Analysis of nucleation kinetics in pH-shift crystallization using agitated and microfluidic systems

Student thesis: Doctoral Thesis

Abstract

Crystal nucleation is a key event in the process of crystallization and is important in a number of processes in the pharmaceutical industry. Nucleation kinetics impact the crystal quality attributes of the product of a crystallization process. For example, increased crystal nucleation rate can lead to a smaller particle size distribution or increase the likelihood of presence of impurities or inclusions. A greater understanding of the fundamental principles underlying crystal nucleation allows for the development of better processes and tools for controlling this important element of crystallization. The aim of this work was to study nucleation kinetics in pH-shift crystallization of the amino acid DL-phenylalanine (a model compound) through data generated from isothermal induction time experiments in small scale agitated vials and in a novel microfluidic device. The objectives were to gain a detailed understanding of the model system, to accurately determine solubility and supersaturation, collect nucleation rate data in the model system using an established methodology based on the Crystal16 multiple reactor system, develop a novel microfluidic device for collecting nucleation rate data and finally, to compare the nucleation rate data collected from the established and novel techniques. In order to work in this complex system, a model was developed using MATLAB for predicting the pH and supersaturation from the solution composition and the dissociation constants for each component and applying the Davies extension of Debye-Huckel theory. This model was vital for designing experiments as it was not always possible to directly measure solution pH. Nucleation rates were estimated by fitting induction time data collected isothermally, under relevant conditions, to a cumulative probability distribution. A microfluidic device was developed as a tool for induction time determination in a pHshift crystallization system. The nucleation rates determined with this new technique were compared with data collected through a previously established methodology utilizing the Crystal 16 multiple reactor system. We report that nucleation in the microfluidic system behaves in a similar manner to other non-agitated systems with different regimes of nucleation kinetics: a nonnucleating regime, a slowly nucleating regime and a fast nucleating regime. As such, this type of data is best fitted to a double exponential curve. This behaviour is not yet fully understood, as agitated systems generally show a single nucleation regime, where induction time data can be fitted by a simple exponential curve. Therefore, it is not straightforward to directly compare nucleation rate obtained under agitated and non-agitated conditions. The microfluidic device presented can be used for non-agitated nucleation rate studies, however, further refinement of the design could improve control of crystallization conditions and extend its operational capacity and range.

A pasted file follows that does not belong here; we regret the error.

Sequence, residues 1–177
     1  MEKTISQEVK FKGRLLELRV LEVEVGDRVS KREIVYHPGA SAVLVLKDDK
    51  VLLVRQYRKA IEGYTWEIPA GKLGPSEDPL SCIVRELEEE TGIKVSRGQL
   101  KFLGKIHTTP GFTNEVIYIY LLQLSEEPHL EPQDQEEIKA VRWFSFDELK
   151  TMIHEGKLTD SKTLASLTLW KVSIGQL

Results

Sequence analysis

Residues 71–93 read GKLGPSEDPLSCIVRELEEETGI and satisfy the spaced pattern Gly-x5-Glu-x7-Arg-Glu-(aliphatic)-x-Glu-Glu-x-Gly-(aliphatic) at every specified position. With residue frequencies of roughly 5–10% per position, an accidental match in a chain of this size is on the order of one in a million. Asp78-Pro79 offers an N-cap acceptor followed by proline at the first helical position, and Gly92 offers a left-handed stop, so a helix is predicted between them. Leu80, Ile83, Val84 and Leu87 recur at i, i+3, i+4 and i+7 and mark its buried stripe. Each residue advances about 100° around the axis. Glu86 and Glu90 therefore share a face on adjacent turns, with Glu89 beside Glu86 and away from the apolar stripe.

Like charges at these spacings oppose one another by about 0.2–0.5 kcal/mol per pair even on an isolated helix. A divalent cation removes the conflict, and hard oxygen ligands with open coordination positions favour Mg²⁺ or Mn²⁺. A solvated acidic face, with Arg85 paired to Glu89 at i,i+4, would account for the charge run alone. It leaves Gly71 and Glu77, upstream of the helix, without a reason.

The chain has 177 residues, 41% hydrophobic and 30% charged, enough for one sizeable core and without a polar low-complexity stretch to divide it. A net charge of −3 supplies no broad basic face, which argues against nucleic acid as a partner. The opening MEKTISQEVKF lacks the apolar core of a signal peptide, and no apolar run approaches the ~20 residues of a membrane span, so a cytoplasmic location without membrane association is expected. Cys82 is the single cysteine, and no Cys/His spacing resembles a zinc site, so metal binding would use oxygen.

Date of Award19 Dec 2023
Original languageEnglish
Awarding Institution
  • University Of Strathclyde
SponsorsUniversity of Strathclyde
SupervisorJan Sefcik (Supervisor) & Michele Zagnoni (Supervisor)

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